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July 18, 2024
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Fresh blow for City as hedge fund urges Glencore to switch listing to Sydney

Glencore has come under attack from an activist investor who has told the mining giant to move its main listing from London to Australia.

In a stinging letter, Australian hedge fund Tribeca Investment Partners wrote to Glencore’s board with a list of proposals to boost the share price.

Top of the agenda was shifting the listing to Sydney, where the fund believes Glencore would receive a better valuation.

In the letter seen by the Financial Times, Tribeca said: ‘London is no longer the home of mining.

‘The London Stock Exchange has a comparatively low appetite for mining investment and is no longer suitable as the company’s primary bourse.’

Tribeca said Glencore had provided shareholder returns of 9 per cent since listing in 2011, versus 95 per cent for mining rivals BHP and 126 per cent for Rio Tinto.

Tribeca controls approximately £234million of Glencore through shares and derivatives, according to sources.

The comments are the latest hammer blow for London, which is increasingly coming under strain from companies looking to list elsewhere.

Two years ago, the FTSE 100 lost Anglo-Australian mining giant BHP after it decided to call it quits.

Shareholders had been concerned about the company’s complicated dual listing structure and opted to move Down Under.

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And the worry is that history could repeat itself.

A decision for Glencore to jump ship would cause further misery to the London market, which has seen a steady flow of firms hanging up their hats.

Building materials group CRH, which had been a member of the FTSE 100, and the Irish construction firm Kingspan both de-listed last year.

Travel giant Tui and gambling giant Flutter have both said they will do the same later in 2024.

But it’s not just the listing that the activist investors are concerned with.

Tribeca has also urged Glencore to abandon a plan to spin off its profitable coal business following its takeover of Canada’s Teck Resources business for £5.6bn.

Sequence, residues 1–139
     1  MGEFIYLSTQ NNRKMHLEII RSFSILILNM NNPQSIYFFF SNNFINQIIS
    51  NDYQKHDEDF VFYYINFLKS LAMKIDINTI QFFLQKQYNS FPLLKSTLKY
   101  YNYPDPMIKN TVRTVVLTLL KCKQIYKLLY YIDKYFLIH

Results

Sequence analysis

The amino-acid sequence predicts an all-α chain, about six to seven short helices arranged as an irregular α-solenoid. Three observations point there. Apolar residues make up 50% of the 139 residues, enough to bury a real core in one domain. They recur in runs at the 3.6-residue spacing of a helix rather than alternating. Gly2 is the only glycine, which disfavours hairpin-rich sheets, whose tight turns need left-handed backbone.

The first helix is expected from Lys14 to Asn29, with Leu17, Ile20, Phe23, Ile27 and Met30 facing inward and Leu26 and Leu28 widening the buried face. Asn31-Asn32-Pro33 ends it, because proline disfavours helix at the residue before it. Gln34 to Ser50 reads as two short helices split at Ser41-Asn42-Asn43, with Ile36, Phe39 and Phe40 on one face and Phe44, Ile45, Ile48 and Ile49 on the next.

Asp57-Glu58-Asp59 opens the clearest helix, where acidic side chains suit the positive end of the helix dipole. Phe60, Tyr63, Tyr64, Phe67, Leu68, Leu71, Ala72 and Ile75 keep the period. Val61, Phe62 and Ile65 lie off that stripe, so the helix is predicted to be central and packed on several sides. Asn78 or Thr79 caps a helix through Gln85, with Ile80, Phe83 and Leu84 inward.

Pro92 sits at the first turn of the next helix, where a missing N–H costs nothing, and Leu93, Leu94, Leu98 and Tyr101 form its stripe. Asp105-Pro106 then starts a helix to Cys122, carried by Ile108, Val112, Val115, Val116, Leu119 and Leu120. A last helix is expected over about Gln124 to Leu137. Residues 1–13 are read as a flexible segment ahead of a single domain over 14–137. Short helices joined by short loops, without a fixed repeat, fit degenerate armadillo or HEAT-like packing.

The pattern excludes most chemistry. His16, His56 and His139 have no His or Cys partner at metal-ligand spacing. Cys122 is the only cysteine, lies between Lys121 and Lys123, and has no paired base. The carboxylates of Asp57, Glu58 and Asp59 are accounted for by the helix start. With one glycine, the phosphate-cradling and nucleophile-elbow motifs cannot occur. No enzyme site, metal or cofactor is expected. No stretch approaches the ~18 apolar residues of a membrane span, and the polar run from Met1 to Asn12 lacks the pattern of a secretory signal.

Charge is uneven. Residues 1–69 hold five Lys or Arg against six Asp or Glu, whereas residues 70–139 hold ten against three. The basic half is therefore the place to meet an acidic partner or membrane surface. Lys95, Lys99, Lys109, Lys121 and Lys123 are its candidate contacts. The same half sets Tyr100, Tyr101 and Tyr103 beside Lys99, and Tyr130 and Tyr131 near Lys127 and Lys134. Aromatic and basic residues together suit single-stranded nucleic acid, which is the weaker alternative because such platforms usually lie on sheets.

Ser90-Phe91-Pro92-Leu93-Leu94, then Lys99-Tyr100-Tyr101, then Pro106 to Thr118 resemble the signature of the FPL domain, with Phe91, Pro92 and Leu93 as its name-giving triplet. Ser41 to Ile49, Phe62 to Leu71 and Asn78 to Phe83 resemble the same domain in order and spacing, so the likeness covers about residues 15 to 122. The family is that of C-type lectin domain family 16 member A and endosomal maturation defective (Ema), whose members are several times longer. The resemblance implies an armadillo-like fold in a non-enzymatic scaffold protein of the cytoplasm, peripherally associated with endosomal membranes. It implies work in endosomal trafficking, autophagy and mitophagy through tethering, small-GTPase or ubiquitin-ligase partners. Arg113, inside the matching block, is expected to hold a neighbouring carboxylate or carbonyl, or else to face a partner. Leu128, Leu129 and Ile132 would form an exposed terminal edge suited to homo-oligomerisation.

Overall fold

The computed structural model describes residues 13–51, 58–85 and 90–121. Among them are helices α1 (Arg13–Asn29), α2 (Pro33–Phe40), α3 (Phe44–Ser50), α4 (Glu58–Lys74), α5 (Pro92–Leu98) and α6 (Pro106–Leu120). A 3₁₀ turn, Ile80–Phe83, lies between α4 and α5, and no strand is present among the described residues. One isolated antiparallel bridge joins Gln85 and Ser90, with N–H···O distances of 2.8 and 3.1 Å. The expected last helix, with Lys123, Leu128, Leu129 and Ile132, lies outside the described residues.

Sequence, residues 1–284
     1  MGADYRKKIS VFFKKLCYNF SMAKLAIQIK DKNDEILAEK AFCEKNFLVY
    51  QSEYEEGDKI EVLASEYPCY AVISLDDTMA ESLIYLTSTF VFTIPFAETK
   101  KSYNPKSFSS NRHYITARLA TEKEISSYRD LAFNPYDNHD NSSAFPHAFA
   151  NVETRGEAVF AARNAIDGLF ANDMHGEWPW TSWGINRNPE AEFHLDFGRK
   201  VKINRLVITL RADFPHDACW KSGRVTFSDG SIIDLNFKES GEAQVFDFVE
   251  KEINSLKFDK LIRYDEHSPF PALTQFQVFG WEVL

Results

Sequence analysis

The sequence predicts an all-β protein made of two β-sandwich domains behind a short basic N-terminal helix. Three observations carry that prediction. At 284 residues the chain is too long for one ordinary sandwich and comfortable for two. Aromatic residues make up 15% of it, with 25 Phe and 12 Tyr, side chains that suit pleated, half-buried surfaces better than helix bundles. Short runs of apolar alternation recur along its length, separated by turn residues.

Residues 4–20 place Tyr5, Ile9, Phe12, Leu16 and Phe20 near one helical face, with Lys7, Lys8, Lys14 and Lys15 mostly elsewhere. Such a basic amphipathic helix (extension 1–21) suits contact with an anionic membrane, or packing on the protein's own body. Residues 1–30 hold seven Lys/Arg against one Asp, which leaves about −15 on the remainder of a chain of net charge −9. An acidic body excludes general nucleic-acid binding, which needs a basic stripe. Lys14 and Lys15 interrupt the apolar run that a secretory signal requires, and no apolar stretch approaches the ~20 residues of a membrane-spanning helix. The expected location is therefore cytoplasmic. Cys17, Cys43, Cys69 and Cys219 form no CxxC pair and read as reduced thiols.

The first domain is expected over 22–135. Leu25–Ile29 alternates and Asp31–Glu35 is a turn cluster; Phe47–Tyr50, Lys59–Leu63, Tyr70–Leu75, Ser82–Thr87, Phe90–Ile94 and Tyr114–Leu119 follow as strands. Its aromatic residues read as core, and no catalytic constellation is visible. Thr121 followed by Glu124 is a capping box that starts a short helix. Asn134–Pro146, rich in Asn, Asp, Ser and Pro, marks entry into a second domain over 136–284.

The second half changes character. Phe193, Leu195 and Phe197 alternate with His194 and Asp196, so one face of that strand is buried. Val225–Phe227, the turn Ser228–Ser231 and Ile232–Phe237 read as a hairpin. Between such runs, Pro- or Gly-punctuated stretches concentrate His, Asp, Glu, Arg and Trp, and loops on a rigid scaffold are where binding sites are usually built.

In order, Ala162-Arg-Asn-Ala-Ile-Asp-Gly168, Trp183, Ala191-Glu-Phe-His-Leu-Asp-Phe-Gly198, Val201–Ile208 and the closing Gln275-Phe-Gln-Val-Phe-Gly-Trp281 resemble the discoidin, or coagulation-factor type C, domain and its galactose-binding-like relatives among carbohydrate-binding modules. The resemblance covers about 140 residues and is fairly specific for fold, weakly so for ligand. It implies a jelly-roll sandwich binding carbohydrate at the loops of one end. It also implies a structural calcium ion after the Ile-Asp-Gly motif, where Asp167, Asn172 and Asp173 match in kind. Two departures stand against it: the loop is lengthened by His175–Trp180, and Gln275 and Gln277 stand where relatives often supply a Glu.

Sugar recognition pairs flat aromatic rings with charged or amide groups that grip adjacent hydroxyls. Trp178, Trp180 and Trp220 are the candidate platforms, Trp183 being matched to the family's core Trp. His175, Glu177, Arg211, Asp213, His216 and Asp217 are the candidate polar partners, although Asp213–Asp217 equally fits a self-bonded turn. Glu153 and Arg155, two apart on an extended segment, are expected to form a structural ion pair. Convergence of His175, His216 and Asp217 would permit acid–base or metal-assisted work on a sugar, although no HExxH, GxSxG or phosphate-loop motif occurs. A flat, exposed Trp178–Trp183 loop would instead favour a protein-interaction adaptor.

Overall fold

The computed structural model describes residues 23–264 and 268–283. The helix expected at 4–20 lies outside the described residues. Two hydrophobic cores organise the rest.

‘We firmly oppose such divestiture and call on the board to retain these world class assets,’ Tribeca said in a letter to Glencore.

‘Not only does retention align with the company’s long-held commitment to industry-leading policy, but also strategically supports its earnings profile and the delivery of value to shareholders,’ it added.

The Australian hedge fund also suggested increasing dividends by discontinuing share buybacks and divesting a minority stake in Glencore’s lucrative trading division via an initial public offering instead of spinning off its coal business, the FT said.

Glencore declined to comment on the letter.

Last month another activist investor unleashed an extraordinary attack on Glencore, calling for chief executive Gary Nagle to be ousted.

In a letter to the board, Bluebell Capital branded Nagle as an Austin Powers-style Mini-Me version of the company’s former boss Ivan Glasenberg, who remains a top shareholder with a 10 per cent stake.

Bluebell, which has also recently publicly criticised oil giant BP’s green energy strategy, said it has sold its stake in Glencore and has no plans to reinvest after losing faith in Nagle.

Over the past 12 months, Glencore’s shares have plunged 12 per cent.

In February the group slashed its dividend after earnings halved because of the easing of turmoil in global commodity markets which was triggered by Russia’s invasion of Ukraine.

Glencore cut shareholder payouts to £1.3billion, from £5.6billion a year earlier, as the trader focuses on driving down debt.

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